Even if President Obama had not begun to normalize diplomatic relations with Cuba last month, the Havana premiere of "Rent" on Christmas Eve would have been astounding news.
And even if this were not the first full American musical to be seen on the island in more than 50 years, the choice of the show would have seemed improbable, even impossible, before Broadway producer Robert Nederlander Jr. put the deal together over the past year.
We are not talking about an uplifting classic by Rodgers and Hammerstein or some harmless fluff ball from the golden age of musical comedies.
This is "Rent," Jonathan Larson's 1996 Pulitzer-winning rock musical about penniless artists, homelessness, AIDS and drag queens, performed in Spanish with an all-Cuban cast directed by Cuban-American Andy Señor Jr.
Not only does the material contradict Cold War stereotypes about American fat cats, but, even in a time of loosening homophobic repression in Cuba, the embrace of gay characters feels shockingly bold.
And I am loving the whole idea. You see, I spent 18 memorable days in Havana in 1974. I was, almost by happenstance, one of the earliest American journalists to visit post-embargo Havana. I enjoy boasting that this fledgling journalist got there before Barbara Walters.
I had slipped in -- and that's really how it felt -- to send back stories to the Chicago Tribune about dancers Cynthia Gregory and Ted Kivitt, the first major U.S. artists to perform there since we broke relations with Fidel Castro in 1961. I was ostensibly on a visa -- obtained with an overnight stay in Mexico City -- to cover the arts at the country's ambitious International Ballet Festival.
But I found myself with surprising free-range access for what turned into a multipart news series. It now seems to me a time capsule about an isolated island of crazy-quilt contradictions -- reports of human-rights abuses amid eye-opening cultural vitality, daunting deprivation and lovingly maintained American cars from the '50s, a strict socio-economic experiment with a 90-percent literacy rate on a sultry, seductive Caribbean island 90 miles off the Florida coast.
My accommodations were nothing like the five-star hotel we glimpsed in photos of that controversial Beyoncé and
Jay Z vacation in 2013. I stayed at the Capri, a clean old relic with fading paint and almost no traces of the glamour days when it was George Raft's casino. My bathroom had no toilet seat, and the faucets were corroded. Telephone lines mysteriously cut off when I tried reporting all this to my paper.
But the Cubans, at least the many I met, had a warm generosity of spirit that enabled them to distinguish between feelings about our government blockade and our people. Friends I made there laughingly called me "periodista imperialista" -- imperialist journalist. Soviet-bloc gray, at least in those days, was simply not their color.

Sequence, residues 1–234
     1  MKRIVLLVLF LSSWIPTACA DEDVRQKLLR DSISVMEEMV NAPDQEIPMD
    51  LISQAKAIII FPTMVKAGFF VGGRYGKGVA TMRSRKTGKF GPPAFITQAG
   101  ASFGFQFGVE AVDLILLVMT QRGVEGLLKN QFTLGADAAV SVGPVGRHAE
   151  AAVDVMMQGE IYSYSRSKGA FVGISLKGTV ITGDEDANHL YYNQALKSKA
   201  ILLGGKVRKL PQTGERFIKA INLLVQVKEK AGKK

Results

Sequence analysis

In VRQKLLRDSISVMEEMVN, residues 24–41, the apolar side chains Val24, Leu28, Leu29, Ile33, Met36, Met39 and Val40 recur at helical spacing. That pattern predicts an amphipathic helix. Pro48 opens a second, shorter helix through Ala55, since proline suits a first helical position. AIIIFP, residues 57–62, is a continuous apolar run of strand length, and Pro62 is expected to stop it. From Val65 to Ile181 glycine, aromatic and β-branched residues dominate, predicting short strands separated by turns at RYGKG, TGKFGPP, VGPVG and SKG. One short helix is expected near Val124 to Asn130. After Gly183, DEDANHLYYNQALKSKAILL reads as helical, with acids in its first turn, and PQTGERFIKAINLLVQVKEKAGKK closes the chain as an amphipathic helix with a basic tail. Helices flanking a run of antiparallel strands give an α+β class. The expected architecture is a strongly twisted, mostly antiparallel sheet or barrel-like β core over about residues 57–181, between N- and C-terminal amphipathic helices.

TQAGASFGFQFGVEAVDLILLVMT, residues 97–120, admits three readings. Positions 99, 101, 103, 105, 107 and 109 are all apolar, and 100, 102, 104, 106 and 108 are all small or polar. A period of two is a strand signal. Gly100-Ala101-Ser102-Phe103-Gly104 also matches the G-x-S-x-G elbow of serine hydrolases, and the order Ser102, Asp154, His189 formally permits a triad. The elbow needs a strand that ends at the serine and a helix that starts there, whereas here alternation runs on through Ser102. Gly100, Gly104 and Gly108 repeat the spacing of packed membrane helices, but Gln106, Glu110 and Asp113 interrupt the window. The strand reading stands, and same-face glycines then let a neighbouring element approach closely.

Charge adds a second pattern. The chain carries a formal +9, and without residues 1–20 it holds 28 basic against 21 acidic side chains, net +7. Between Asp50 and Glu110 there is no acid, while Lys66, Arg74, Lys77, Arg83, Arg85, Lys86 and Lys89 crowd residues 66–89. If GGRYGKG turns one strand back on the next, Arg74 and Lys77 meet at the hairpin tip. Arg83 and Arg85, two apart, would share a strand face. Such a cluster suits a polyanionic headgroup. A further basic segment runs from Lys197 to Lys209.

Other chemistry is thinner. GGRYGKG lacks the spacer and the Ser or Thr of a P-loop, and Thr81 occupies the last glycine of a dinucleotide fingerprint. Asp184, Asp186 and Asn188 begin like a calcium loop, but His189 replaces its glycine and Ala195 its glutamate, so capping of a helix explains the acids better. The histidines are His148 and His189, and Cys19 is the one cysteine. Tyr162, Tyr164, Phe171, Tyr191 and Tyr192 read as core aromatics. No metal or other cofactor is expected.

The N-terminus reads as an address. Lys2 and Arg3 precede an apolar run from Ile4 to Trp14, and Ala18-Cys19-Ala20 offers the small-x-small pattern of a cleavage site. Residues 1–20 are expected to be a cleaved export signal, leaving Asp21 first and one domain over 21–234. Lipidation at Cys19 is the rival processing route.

Besides, they had, and probably still have, a national ice cream called Coppelia, named after the 1870 ballet. And there is Alicia Alonso's major National Ballet of Cuba, which had a place in revolutionary pride up there near Fidel's "History Will Absolve Me" speech and milk-production records.
The internationally known company, which has made several visits to New York, is almost exactly as old as the Castro government. As Cubans enjoyed telling me, Alonso -- their homegrown ballerina and major American Ballet Theatre star from 1941 to 1960 -- declined Gen. Fulgencio Batista's offer to officially ally her own Havana troupe with his dictatorship in 1957. Her husband, Fernando, was harassed, the company's subsidy was removed, and she refused to dance in her country.
As Fernando explained to me then, Castro showed up at his door soon after the 1959 revolution and asked, "How much do you need for a company?" The country rationed food, but got ballet. In addition to Alonso's troupe, there was another in the Camagüey province, plus a Havana modern and folkloric dance company and coast-to-coast ballet on TV twice a month.
Movies were an obsession, and several directors were just beginning to have major international success. After the revolution, the influential film ministry started trucking movies into impoverished rural and mountain areas. When I was there, a pirated Chilean print of "The Godfather" was huge.
Havana theaters were packed on Saturday nights. I went to a union arts festival where a burly man lifted a table with his teeth. A Havana cigar factory had "culture Thursdays," when artists would entertain as tobacco rollers quietly rolled.
Before the revolution, Cuban arts were probably best known in our country for beautiful cigar bands, the rumba and Desi Arnaz's conga drums. When I was there, Afro-Cuban and folkloric music were so admired it seemed any Cuban could spot the difference between a Haitian or Yoruban influence in a song.
Boundaries on artistic freedom were impossible for an outsider to pin down. The specter of arrested poets, dissidents and gays has always been very real, but I could not see fear in everyday faces.
As history changes and "Rent" continues its three-month run, I am still haunted by those faces.